I am committed to The University Of Kentucky!! pic.twitter.com/WkjfKR3XO1— THE DRAGON (@KahlilWhitney) August 8, 2018
Whitney, who hails from Roselle (NJ), is ranked as the No. 18 player and the No. 5 small forward in the class of 2019 on 247 Sports Composite, which measures all of the recruiting rankings. He stands 6-7, 200 pounds and is ranked as high as No. 14 overall by 247 and ESPN.
In terms of Kentucky’s 2019 class, with Dontaie Allen and Tyrese Maxey on board while DJ Jeffries decommitted recently, Whitney is exactly the kind of forward this class needed. Where Allen is a wing that can play shooting guard, Whitney is a more physical wing that can also play power forward.
Whitney is at his best in transition. He can finish through contact at the rim and has the athleticism to beat defenders up the floor. Watch Whitney play, and you’ll see shades of Michael Kidd-Gilchrist.
Like MKG, Whitney is a hard-working forward who plays hard on both ends of the court. He also has a nice jumper and can really frustrate opponents with how balanced his offense is, as well as how great he is on his defense with his quick feet and long arms. His speed and athleticism also lead to him jamming in a lot of putback dunks.
And while Whitney is ranked in the 15-25 range of the recruiting rankings, he definitely looks like a kid that’s going to finish a lot higher in the final rankings.
Some recruiting analysts have suggested he could finish in the top 5-10 range in 2019, which could make him Kentucky’s highest ranked recruit in this class.
Kentucky strikes again landing five-star wing @KahlilWhitney. One of my favs to emerge from the spring and summer. Super explosive, high energy and consistent behind the three https://t.co/r6oqupQa6L pic.twitter.com/1k9hj2Yl15— Krysten Peek (@KP_Rivals) August 8, 2018
Whitney is a high level athlete with a strong motor. He gets off his feet to rise up in a hurry and already has a history of dunking on people. He has a long and wiry build that hasn’t really filled out yet but is already deceptively strong. His best work comes in transition, especially when he has a head of steam, or on the offense glass, but he is not incapable of making open shots from the perimeter. His best penetration typically comes off the catch when his first step can be both quick and long. Defensively he has a world of upside to be both a true stopper and multi-positional defender.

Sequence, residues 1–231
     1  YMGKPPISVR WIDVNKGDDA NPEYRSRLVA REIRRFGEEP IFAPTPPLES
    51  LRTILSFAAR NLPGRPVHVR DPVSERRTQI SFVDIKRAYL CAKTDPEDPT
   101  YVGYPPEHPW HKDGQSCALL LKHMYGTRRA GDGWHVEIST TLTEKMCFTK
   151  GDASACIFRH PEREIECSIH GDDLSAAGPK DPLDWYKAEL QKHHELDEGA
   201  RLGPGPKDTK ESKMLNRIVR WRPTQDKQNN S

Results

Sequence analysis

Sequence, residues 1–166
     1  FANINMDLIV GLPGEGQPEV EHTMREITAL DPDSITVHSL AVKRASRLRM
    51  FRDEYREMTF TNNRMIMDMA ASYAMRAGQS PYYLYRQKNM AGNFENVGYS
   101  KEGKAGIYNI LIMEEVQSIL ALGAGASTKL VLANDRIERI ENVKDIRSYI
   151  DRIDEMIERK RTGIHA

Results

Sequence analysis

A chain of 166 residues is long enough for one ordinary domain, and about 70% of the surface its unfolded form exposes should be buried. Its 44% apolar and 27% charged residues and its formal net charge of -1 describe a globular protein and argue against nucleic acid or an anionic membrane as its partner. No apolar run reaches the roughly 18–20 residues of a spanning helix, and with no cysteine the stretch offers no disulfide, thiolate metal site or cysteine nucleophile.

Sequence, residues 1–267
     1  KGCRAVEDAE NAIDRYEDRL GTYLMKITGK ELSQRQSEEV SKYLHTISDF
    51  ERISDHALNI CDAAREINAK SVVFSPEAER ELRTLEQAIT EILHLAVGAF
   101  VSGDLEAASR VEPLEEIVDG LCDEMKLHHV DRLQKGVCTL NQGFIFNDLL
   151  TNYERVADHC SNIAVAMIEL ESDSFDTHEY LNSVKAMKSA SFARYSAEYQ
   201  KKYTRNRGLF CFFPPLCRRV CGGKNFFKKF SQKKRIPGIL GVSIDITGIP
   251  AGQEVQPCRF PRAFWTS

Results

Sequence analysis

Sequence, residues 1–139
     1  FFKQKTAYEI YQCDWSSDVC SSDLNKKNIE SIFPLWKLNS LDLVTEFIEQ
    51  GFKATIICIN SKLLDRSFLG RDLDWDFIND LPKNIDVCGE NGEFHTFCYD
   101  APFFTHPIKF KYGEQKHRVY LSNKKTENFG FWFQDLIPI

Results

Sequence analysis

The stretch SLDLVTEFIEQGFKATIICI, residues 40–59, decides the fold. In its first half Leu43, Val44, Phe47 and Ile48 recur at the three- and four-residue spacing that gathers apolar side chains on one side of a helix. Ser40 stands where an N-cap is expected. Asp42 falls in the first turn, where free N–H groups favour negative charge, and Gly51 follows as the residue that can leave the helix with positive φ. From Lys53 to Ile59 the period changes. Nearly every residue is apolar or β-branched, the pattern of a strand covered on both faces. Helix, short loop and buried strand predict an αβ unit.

While Whitney is a truly elite level athlete, who doesn’t fully utilize that explosiveness in all aspects of his floor game. His half-court style ironically revolves more around his jumper than his drive, and he’s not a natural shooter by any stretch. His stroke is compact but often flat and opposing defenses are very content to live with his marginal shooting percentages at this stage in his development than see him utilize his physical tools on his way to the rim. He also needs to continue to polish his overall skill set, including his ball-handling ability.
He’s a high level athlete and competitor with an equally high motor but he needs to learn to play in attack mode and embrace a style that best utilizes what makes him unique as a prospect. If he does that, he’ll continue to climb up rankings and recruiting boards alike.
Now, let’s watch some highlights of the newest Cat in action: